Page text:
Larch Beetle: The Big Picture

by Mimi Barzen and FH Staff

Another pest is here to bug us and our trees. Not any old tree will do however. It has to be a tamarack, but beyond that it isn't too picky. It refers to the larch beetle, a native bark beetle of Minnesota. Most folks have never heard of this insect, let alone seen the damage it can cause. The beetle can pack a wallop though.

larch beetle bark damage

In the early 1970's and 1980's, this tiny bug caused the loss of 593 million board feet of tamarack in eastern Canada. Around the same time, Alaska experienced mortality on more than eight million acres. To make matters worse, in some areas, 50 percent of the mortality occurred in just over two years. Minnesota has not been isolated from this beetle. Notable outbreaks were documented as early as 1938 and again in the 1980's but nothing like in Canada or Alaska. But in 2000 and 2001, the population exploded in some locations, most noticeably in the Deer River, Cloquet, and Hibbing, Hill City and Aitkin Areas.

Larch beetles have been a part of the Minnesota landscape for decades, but the attacks have usually been associated with tamaracks predisposed to attack due to stress from drought, flooding, or defoliation. The size of the areas involved in an attack has usually been small. Mortality is usually confined to individual trees or small pockets of trees. In the last two years though, both the amount of mortality and the size of the areas affected has increased. Much of the mortality has still been confined to small pockets. However, some stands of 30 to 40 acres and larger have experienced over 75 percent mortality. Most attacks have occurred in northeastern Minnesota, but it is thought the mortality can be found throughout the natural range of tamarack in Minnesota.

What makes the larch beetle a bit more insidious is the fact that it's not discriminatory in its eating habits. Mortality has been found in stands ranging from 40 to 160 years in age; on lowland and upland sites; and in pure stands as well as mixed component stands. The damage is quite visible on the ground. As the beetles feast on the trees, woodpeckers feast on the beetles, leaving behind telltale signs that include mounds of bark chips at the base of trees and reddish or white boles, depending on how much bark a woodpecker flakes off as it searches for food. In late summer, needles of the affected trees begin to turn yellow, then brown, before falling off. The dieback begins at the bottom of the crown and works upward, leaving the green tops for last. This progression of mortality makes it difficult to see new damage from the air.

Larch beetle attacks have usually been associated with stressed trees. Although stress is likely a factor in some stands, it is thought the current pockets of mortality have more to do with the mild winter weather the past four years than with stress. Larch beetles normally overwinter as adults underneath the bark of host trees. In the spring, the adults emerge and fly to new host trees, laying eggs. Most adults remain in the new host tree for the remainder of the summer. Those insects caught in the pupae or larval stages when winter sets in normally have a poor chance at survival. The mild winter conditions we've experienced since 1998 has increased the probability of non-adults successfully overwintering , thus creating higher populations in the spring, which cause higher than normal mortality.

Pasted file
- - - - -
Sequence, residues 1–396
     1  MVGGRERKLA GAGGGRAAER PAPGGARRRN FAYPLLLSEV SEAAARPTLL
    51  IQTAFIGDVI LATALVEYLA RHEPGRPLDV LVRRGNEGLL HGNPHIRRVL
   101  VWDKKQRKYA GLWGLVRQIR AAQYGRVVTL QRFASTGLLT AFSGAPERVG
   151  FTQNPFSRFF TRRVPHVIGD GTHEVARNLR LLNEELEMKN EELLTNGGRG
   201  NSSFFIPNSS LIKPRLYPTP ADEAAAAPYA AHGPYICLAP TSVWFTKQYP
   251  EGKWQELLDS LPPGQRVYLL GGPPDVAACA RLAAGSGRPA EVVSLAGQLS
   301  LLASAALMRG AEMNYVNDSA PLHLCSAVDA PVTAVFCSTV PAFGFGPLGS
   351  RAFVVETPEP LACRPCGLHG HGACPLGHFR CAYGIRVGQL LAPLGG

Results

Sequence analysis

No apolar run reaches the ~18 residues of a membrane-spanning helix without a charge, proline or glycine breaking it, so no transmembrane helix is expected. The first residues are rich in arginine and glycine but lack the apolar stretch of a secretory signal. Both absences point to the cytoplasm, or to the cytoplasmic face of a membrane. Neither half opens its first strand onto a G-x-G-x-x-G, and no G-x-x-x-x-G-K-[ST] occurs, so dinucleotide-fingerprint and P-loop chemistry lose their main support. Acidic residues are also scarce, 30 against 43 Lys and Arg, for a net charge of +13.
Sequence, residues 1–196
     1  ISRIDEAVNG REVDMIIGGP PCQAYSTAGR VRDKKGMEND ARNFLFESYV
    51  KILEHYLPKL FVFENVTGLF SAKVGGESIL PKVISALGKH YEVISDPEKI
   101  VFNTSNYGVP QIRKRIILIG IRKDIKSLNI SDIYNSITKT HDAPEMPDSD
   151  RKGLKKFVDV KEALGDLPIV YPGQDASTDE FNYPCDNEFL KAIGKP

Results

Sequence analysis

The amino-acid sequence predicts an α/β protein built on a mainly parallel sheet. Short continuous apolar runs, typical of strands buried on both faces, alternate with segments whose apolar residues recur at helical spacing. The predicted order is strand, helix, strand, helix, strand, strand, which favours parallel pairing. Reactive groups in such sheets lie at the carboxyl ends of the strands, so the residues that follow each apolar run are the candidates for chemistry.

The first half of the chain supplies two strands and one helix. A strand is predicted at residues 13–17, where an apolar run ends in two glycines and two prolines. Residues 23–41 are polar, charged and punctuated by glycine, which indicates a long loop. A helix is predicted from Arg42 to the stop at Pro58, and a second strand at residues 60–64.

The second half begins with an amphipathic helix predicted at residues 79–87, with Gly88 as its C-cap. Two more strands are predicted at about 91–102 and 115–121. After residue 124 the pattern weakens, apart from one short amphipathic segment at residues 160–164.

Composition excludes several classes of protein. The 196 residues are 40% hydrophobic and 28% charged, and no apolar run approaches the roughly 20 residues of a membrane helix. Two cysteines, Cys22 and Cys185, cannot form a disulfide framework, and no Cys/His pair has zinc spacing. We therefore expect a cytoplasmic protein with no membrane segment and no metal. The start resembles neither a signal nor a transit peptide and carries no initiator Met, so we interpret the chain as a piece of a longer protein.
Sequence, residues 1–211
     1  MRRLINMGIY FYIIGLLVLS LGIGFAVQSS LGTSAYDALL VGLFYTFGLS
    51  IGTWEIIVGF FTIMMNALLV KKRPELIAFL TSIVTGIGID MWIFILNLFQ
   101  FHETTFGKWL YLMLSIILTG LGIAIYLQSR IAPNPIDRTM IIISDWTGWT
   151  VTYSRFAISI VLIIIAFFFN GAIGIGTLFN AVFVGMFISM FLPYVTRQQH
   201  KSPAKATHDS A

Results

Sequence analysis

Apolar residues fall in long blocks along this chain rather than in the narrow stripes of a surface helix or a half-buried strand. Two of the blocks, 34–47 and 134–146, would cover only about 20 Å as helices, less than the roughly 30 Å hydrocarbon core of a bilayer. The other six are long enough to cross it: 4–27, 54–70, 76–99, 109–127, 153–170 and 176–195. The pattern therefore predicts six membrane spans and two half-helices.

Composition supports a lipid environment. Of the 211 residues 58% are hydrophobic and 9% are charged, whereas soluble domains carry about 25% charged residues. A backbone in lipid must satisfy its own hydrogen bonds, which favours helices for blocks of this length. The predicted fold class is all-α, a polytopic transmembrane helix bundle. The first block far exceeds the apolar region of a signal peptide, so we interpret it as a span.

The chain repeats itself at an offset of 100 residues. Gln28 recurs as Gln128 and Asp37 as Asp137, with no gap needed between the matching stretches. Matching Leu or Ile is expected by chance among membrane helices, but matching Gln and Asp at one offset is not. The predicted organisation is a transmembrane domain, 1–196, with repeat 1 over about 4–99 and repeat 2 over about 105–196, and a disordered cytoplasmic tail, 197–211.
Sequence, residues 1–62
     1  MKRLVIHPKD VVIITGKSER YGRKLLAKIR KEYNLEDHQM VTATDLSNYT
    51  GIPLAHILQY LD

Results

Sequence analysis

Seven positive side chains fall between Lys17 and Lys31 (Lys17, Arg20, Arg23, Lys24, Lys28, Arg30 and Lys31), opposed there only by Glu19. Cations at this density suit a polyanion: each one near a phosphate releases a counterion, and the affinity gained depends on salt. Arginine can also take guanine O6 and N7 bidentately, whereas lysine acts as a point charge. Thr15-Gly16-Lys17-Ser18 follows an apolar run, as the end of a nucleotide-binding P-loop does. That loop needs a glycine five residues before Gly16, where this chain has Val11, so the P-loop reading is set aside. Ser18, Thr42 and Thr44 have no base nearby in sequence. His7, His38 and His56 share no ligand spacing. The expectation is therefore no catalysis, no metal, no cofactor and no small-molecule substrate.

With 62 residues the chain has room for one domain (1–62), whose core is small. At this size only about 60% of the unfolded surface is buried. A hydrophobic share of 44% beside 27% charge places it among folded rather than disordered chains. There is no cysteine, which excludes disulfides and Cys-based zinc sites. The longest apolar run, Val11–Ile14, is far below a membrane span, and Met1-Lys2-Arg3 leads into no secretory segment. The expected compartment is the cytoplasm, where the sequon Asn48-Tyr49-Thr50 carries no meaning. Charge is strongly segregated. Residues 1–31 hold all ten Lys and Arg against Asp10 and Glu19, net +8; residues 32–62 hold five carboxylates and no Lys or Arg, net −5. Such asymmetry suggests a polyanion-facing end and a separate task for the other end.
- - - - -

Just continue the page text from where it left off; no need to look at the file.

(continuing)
A couple of stands that experienced high amounts of mortality in 2000 and 2001 were examined in March of 2002. Larch beetle populations appear to be much smaller in these stands than they were at this time last year. Cocoons of parasitic wasps were found in galleries under the bark and may be reducing populations of the larch beetle. Larch beetles will likely kill additional trees in these stands this summer but it appears that, at least in these stands, the population of beetles is declining.

There is really no way to predict the amount of additional damage the larch beetle will cause. However, when out checking stands, keep an eye on tamarack sites. Look for evidence of beetles and/or mortality. If beetle infestations are discovered, consider setting up a salvage sale. Since the market for tamarack is not very good, concentrate on salvaging older, larger diameter trees in purer stands. Utilize trees to at least a 4-inch top and if possible, whole tree skid and burn the slash the same year cutting takes place to decrease the emergence of adults the following spring.

Since some adults move to new host trees to overwinter rather than staying in the original host tree, consider adding a buffer strip to the sale approximately 1 chain wide. If the sale won't be harvested for a few years, the buffer may need to be increased to capture further dispersal of the beetles. If seed trees are left on the site, it is not likely that they will add significantly to the problem. However, most seed trees will likely be dead within a year of the harvest on sites where beetles are active. If seed has been dispersed, the seedlings will not be affected by the beetles.

Because aerial surveys are difficult at best in detecting pockets of mortality, it would help the forest health specialists if mortality information is passed on to the unit. The more information provided, the easier it will be to track and develop predictions for future infestations.